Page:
Eilian recognized the message he was being sent: He was not to set a toe out of line for the foreseeable future. If he did, the wrath of Mordor would come flaming down around his ears. “Of course,” he said. “You can count on me.”
“I had better be able to,” Ithilden said. Eilian shifted his weight slightly, assuming they would now rejoin the others in the sitting room, but Ithilden stayed where he was. “There is one other thing,” he said. “Celuwen dismissed her guards. Can you tell her not to do that again?”
Eilian suppressed a groan. “I think that should be your job,” he protested weakly.
Ithilden pursed his lips. “No. You should do this.”
Eilian looked at him dismally. A bargain was being proposed here, and he had no choice but to agree to it. “Very well,” he agreed. “I will speak to her.” That he would do as Ithilden asked and “tell her” not to dismiss her guards again was out of the question. But when the moment was right, he could at least bring the topic up. He considered what such a moment would be and then slowly smiled to himself. Perhaps he could find a good time if he worked at it hard enough.
“I know that Eilian enjoyed seeing Legolas, even in such unfortunate circumstance,” Celuwen said. The door opened, and a servant brought in a tray of bread, cheese, and fruit and, at Alfirin’s signal, set it on the table nearest Celuwen. Thranduil thought that Alfirin looked horrified by the story that Celuwen had just told them, but she rallied at the idea of feeding someone. She poured a glass of wine and pressed it into Celuwen’s hand.
“Legolas was well?” Thranduil asked, trying to conceal just how gratified he was by even this second-hand glimpse of his youngest son.
“He was,” Celuwen agreed. “In truth, Eilian was not the only one who was glad to see him. We were all fortunate that he arrived when he did.” She smiled. “I have seen so little of him, and Eilian always talks about him as his little brother, but he looked like a capable Wood-elf officer to me. You must be very proud of him.”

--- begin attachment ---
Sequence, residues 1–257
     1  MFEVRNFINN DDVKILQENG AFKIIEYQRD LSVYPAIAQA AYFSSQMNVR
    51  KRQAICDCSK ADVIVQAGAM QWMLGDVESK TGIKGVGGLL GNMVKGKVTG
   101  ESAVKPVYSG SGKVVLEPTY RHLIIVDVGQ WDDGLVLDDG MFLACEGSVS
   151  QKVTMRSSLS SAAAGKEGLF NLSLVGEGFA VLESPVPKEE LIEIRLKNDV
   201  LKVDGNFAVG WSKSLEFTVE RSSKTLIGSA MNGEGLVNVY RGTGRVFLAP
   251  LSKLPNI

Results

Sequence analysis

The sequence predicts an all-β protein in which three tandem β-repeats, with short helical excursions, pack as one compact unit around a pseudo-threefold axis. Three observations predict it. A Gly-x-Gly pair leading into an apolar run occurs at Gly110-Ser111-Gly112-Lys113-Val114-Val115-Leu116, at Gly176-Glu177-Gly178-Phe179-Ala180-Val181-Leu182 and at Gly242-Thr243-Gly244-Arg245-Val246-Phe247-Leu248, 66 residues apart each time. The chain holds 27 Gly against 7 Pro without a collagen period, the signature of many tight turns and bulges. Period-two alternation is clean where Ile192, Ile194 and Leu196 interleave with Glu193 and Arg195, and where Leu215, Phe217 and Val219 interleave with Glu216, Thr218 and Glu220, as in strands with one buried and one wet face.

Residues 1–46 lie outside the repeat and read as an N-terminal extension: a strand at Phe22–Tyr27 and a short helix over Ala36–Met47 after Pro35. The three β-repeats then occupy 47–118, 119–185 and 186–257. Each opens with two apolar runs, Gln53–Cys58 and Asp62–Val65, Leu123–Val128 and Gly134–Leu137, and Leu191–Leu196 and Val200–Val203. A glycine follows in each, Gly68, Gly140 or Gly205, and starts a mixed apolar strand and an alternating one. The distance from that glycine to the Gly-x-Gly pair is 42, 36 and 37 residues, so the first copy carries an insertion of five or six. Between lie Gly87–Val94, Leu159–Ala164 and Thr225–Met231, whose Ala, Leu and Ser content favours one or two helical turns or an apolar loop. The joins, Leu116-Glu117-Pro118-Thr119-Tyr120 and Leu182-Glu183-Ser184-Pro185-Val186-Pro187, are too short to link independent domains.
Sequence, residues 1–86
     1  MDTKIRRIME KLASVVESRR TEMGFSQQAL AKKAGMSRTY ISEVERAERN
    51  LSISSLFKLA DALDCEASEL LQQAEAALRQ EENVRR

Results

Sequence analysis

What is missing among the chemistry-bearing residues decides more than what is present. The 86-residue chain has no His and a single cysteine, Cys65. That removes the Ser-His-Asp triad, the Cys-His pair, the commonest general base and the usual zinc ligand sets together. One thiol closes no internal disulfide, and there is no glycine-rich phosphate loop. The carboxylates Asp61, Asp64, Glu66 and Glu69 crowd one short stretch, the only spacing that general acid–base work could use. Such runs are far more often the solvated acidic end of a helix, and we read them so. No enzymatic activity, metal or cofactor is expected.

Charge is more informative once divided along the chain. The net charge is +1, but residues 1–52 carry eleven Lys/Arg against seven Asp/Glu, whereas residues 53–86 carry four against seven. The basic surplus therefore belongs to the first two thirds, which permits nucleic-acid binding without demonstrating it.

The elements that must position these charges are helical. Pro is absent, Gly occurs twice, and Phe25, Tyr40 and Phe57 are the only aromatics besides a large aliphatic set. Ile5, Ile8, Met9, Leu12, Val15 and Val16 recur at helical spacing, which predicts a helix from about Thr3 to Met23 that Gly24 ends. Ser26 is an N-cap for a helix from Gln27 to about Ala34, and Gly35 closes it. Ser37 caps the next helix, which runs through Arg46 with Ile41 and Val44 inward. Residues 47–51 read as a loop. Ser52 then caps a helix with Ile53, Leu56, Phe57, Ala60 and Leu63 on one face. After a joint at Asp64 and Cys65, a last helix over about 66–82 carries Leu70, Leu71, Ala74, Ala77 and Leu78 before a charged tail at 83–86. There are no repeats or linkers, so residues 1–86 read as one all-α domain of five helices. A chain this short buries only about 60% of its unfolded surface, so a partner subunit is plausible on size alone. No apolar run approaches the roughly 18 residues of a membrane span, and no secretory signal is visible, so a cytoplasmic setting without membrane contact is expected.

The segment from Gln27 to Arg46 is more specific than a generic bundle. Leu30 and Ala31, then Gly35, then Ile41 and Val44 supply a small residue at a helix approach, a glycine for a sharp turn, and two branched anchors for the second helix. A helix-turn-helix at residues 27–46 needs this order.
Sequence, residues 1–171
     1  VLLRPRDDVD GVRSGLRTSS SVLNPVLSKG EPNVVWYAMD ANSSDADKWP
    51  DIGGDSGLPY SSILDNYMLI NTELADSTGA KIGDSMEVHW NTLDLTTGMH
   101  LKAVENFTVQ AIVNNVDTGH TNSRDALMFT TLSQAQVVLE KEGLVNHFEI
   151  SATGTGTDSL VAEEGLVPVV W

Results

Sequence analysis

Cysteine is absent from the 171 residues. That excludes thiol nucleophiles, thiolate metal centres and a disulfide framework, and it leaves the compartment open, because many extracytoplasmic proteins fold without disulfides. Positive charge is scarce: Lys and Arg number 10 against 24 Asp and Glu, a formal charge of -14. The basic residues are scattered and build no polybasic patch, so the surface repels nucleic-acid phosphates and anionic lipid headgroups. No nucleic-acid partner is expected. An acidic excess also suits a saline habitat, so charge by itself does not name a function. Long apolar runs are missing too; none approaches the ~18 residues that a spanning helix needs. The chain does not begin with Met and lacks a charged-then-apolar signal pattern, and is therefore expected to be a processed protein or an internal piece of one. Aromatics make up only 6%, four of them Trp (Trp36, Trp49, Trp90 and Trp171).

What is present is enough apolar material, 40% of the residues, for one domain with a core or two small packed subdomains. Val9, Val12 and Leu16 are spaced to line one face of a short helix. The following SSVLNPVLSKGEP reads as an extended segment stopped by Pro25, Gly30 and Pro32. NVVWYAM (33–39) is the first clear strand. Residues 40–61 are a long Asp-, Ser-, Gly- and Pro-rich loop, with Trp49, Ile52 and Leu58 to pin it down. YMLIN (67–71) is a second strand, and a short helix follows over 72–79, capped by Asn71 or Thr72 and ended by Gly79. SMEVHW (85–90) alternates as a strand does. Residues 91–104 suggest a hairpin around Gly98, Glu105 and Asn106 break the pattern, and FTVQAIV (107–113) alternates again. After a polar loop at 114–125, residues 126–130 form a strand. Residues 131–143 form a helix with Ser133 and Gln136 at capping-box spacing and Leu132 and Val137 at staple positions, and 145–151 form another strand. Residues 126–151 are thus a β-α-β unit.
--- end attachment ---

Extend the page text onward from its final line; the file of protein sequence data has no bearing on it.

“I am.” Thranduil could not help smiling in return. Legolas was doing well. Of course there had been no reason to think he would not, but hearing it was so was gratifying anyway.
“And you must be proud of Eilian too, of course,” Celuwen went on. “I do not know what I would have done if he had not been there. I do not think I would still be alive because Zalan would still have had his knife at my throat when Legolas’s warriors burst in.”
Alfirin rose from her place on the bench to put some bread and cheese on a plate and hand it to Celuwen, who accepted it and began to eat. Alfirin’s face was pale but determined, and Thranduil recognized the look: She was about to try to turn the talk away from a topic that she thought was too unpleasant for this family time.
Celuwen forestalled her, however, by plunging doggedly on. “I am lucky Eilian sensed danger when he did and acted upon his instincts. But then one of the things that has always appealed to me about him is his tie to the forest. He is a Wood-elf. I think even my adar knows that.”
Thranduil regarded her steadily, and she smiled sweetly at him. “Are you trying to tell me something, daughter?” he asked dryly.
“I am saying thank you, Adar,” she said and there was no mistaking the sincerity in her voice. “You and Eilian’s naneth raised an Elf who is courageous, and perceptive, and dear to my heart.”